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|Deputy Prime Minister Vương Đình Huệ speaks at a conference in Hà Nội yesterday to discuss global and local experience in renovating salary policies.– Photo enternews.vn|
The Deputy PM said salary reform is closely linked with administrative reform and reshuffling the political apparatus and public service agencies.
However, he pointed to the need to seek proper payment policies that suit the conditions of Việt Nam, which requires careful calculation.
Dr Jinho Jeong from the Korea Labour Institute said that it is necessary to consider the complexity of tasks and level of responsibility along with price and living costs in deciding salary levels in the public sector, to ensure salary can cover minimum standards of living.
It is crucial to consider the equality of wage between the State-owned and private sectors, he said.
Meanwhile, Director of the International Labour Organisation’s Office in Việt Nam Changhee Lee said the salary system in Việt Nam’s public sector is confusing, as a person in a higher position may have a lower salary than their subordinates.
He asserted that using a wage coefficient makes it difficult adjust salary in an orderly manner in the public sector. At the same time, there are too many types of supplementary allowances, he added.
Lee recommended that along with changes in salary payment policy, it is necessary to keep supplementary allowance below 50 per cent of the total salary package.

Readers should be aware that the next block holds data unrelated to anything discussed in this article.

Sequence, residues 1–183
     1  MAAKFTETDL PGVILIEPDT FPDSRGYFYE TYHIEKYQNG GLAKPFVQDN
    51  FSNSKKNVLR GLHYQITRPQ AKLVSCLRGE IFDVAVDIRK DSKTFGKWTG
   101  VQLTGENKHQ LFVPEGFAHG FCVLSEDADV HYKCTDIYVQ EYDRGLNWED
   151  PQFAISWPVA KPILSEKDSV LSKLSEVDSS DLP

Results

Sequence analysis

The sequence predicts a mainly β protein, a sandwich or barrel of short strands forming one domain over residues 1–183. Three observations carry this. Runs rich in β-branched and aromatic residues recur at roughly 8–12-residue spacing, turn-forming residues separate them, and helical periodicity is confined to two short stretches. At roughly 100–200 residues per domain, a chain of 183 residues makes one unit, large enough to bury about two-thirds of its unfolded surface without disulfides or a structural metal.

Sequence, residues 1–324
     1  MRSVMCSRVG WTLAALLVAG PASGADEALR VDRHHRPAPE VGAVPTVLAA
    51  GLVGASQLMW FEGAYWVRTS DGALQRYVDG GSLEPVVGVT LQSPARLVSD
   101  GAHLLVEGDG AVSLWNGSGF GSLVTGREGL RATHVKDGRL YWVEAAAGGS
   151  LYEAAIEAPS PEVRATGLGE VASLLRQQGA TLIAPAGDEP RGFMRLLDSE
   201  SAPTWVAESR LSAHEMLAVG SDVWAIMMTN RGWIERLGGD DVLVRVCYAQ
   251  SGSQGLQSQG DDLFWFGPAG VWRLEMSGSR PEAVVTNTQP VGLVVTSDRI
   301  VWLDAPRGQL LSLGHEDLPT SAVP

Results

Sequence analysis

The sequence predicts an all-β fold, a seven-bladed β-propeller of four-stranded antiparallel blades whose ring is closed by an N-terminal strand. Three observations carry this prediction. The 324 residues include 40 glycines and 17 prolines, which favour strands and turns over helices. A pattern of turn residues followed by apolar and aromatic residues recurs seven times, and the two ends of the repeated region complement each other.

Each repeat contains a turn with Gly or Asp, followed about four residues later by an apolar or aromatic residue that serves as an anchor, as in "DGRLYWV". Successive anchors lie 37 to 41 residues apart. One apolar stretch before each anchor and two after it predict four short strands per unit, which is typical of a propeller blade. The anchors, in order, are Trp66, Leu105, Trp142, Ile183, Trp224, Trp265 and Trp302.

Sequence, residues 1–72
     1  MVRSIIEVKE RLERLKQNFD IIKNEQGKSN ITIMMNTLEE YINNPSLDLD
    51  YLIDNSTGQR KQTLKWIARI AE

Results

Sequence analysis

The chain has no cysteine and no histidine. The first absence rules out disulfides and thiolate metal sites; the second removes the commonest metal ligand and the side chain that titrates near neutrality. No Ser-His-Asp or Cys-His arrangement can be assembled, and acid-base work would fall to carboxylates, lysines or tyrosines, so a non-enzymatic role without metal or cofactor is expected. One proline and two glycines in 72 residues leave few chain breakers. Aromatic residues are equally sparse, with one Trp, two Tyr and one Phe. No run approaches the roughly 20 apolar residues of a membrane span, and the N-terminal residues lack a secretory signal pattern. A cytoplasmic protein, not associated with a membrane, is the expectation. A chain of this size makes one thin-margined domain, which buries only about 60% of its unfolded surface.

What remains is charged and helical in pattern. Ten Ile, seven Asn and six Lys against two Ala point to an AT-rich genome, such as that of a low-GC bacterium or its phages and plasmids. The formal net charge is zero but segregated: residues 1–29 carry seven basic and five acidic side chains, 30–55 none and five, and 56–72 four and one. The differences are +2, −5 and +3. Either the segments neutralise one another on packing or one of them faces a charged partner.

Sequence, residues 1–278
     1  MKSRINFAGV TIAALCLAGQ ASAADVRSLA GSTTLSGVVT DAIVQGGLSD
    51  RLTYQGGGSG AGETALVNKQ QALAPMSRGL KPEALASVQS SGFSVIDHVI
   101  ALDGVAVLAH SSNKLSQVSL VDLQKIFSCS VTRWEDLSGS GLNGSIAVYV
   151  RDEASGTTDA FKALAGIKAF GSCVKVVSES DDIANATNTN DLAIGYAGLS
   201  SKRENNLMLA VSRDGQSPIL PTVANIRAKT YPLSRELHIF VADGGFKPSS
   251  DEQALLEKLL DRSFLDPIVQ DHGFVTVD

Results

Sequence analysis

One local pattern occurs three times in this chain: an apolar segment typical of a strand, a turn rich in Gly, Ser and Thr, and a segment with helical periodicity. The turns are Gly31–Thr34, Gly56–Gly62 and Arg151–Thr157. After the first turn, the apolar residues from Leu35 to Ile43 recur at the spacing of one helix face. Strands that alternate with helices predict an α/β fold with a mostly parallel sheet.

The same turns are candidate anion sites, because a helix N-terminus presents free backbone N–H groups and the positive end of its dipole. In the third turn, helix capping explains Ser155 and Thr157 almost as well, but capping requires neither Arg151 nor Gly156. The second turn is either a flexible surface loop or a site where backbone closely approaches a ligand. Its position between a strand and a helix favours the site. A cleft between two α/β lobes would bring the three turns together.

Economist Pham Chi Lan noted that regular spending accounts for nearly 70 per cent of State budget spending, of which 47 per cent is spent on salaries.
Lan pointed out a number of challenges facing salary reform, including thinking about the role of the State and the relationship between the State, the market and society.
Irrational and overlapping functions among State agencies, a lack of transparency, poor accountability along with red tape and corruption are also barriers to salary reform, stressed Lan.
She added that the current system of recruitment, salary payment, promotion and dismissal of public servants does not create necessary pressure or motivation for salary reform.
Concluding the discussions, Deputy PM Huệ shared the specialists’ opinion that public servants’ salary must ensure minimum standards of living, and is balanced with the business sector and the market.
He also agreed on the need to switch from the use of wage coefficients to calculate salary to specific figures, and to reduce supplementary allowances in salary packages.
In the private sector, he stressed the need for maintaining the minimum wage to make sure no worker is paid under the minimum, thus protecting vulnerable groups.
As of Janurary 1, 2018, the regional minimum wages will increase by VNĐ180,000-230,000 (US$7.2-9.2), according to a Government Decree issued on December7.
Under the decree, the minimum wage will be raised from the current VNĐ3.75 million (US$165) to VNĐ3.98 million ($175) for contracted workers of enterprises located in region I, from VNĐ3.32 million ($146) to VNĐ3.53 million ($155) in region II, from VNĐ2.9 million ($127) to VNĐ3.09 million ($136) in region III and VNĐ2.58 million ($113) to VNĐ2.76 million ($121) in region IV.